What we learned from Sunday’s debacle

Published on December 27, 2010 by     T.C.

I. Three things we learned

a) Be careful what you wish for regarding Matt Hasselbeck.

Plenty of people wanted to see him replaced as Seattle’s starter after he committed 13 turnovers in four games. And he did leave Sunday’s game. Only it was because of injury, and Charlie Whitehurst wasn’t any more a solution on Sunday in Tampa Bay than he was when he started on Nov. 7 against the Giants game. The Seahawks couldn’t run the ball in Tampa, and they didn’t protect the quarterback particularly well, but Whitehurst played more than three quarters and didn’t complete a pass of more than 15 yards.

b) The Seahawks can’t run against anyone.
Not even the Bucs, who were allowing a league-high 4.9 yards per carry entering the game with a defense missing defensive tackle Gerald McCoy. Marshawn Lynch’s 29-yard in the first quarter was promising. Trouble was that one run accounted for nearly one-third of Seattle’s rushing yardage in the game. Seattle still hasn’t had a back rush for more than 100 yards this season.

c Seattle’s defense is only half bad.
The Seahawks stopped the run pretty well — for a half. They held LaGarrette Blount to 22 yards on six carries in the first two quarters, but in the second half — when the Seahawks knew the Bucs were going to run — Blount went barreling over Seattle’s defense and finished with 164 yards. It’s the second most yards Seattle has given up to any player this season. Seattle’s run defense has improved since Colin Cole’s return from a high ankle sprain, but couldn’t pitch a complete game in Tampa Bay. Heck, they didn’t get much past halftime.

II. Three things we don’t know

a) Will Matt Hasselbeck be able to return this season?
Early signs don’t look promising since coach Pete Carroll said after Sunday’s game Hasselbeck isn’t likely to practice this week. The most troubling thing is that it isn’t a question of pain tolerance for Hasselbeck, but rather a muscle injury that is preventing him from moving the way he needs to in order to play quarterback.

b) What happened to Seattle’s pass rush Sunday?
The Seahawks had a sack on two of the Bucs’ first three possessions, holding Tampa Bay without a first down to that point. Seattle didn’t have another sack the rest of the game. Some of that was the product of the situation as Tampa Bay nursed the clock. Some of that was because Tampa Bay’s Josh Freeman was elusive. But mostly, Seattle failed to capitalize on several situations when blitzers came free.

c) What does Seattle have to do to recover a fumble?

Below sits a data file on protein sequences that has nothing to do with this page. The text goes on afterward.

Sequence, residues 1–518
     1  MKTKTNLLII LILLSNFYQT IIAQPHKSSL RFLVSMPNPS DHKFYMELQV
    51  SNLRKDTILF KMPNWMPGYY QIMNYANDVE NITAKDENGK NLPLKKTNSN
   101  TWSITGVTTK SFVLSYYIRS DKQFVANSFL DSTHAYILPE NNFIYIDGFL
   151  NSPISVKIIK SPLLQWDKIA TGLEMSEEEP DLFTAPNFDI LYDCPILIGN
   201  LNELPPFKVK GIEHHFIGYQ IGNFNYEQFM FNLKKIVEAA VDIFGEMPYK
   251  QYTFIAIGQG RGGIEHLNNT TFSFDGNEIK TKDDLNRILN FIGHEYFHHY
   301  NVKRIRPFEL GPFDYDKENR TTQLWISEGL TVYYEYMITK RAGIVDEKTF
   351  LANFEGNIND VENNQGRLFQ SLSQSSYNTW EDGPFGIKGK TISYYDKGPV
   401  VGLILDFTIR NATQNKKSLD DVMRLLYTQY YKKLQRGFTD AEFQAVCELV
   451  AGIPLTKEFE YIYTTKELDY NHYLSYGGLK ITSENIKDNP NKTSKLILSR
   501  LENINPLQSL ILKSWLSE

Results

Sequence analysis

The Bucs put the ball on the turf four times Sunday, and the Seahawks didn’t cover a single one. This comes a week after Atlanta fumbled twice, each time the ball bouncing squarely to the Falcons. Can’t blame the results on unlucky bounces, but recovering a fumble or three in those games certainly would have helped. Seattle hasn’t recovered an opponent’s fumble in any of the past four games.

III. Three things we’re still trying to figure out

a) How much does Seattle’s playbook shrink with Charlie Whitehurst in the game?
That’s impossible to answer based just on Sunday’s game because he entered the game at a disadvantage with no rehearsal time since Hasselbeck takes the first-team practice repetitions in practice. But Seattle’s offense looked similarly stagnant against the Giants — a game Whitehurst started. Seattle failed to gain a first down in its first four possession against the Giants, and it had only one first down in its first six possessions with Whitehurst Sunday. Whitehurst has a strong arm, but the play calls have focused on quick, short passes to simplify the reads.

b) Why do John Carlson’s receptions increase with Whitehurst at quarterback?
Of all the issues in Seattle this season, Carlson’s lack of production might be the most puzzling. He is smart, hard-working and disciplined. Hasselbeck has called him one of his favorite teammates, and yet Carlson has not had the season many expected. Carlson hasn’t helped himself with several drops, but he caught three passes once Whitehurst entered the game, which continues a trend from last week when he didn’t catch a pass until Whitehurst entered the game, and then he grabbed a 31-yarder.

c) Why are all these losses so lopsided?
It’s hard to make a sweeping condemnation of Seattle’s season considering that no one expected much in the way of contention before the year began. But for the second consecutive year, the margin of the Decembers defeats are alarmingly large. Every one of this team’s nine losses are by 15 points or more, and this team has not shown an ability to weather difficulties in a game and overcome a deficit against anyone other than Carolina.

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